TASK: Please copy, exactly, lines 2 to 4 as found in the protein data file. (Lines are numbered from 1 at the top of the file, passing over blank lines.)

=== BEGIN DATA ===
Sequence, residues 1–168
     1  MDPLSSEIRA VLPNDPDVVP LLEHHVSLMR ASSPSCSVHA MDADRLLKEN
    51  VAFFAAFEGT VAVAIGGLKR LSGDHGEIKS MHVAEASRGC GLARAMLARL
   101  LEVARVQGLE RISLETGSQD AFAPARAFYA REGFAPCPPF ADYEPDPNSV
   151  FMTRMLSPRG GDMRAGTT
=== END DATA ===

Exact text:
     1  MDPLSSEIRA VLPNDPDVVP LLEHHVSLMR ASSPSCSVHA MDADRLLKEN
    51  VAFFAAFEGT VAVAIGGLKR LSGDHGEIKS MHVAEASRGC GLARAMLARL
   101  LEVARVQGLE RISLETGSQD AFAPARAFYA REGFAPCPPF ADYEPDPNSV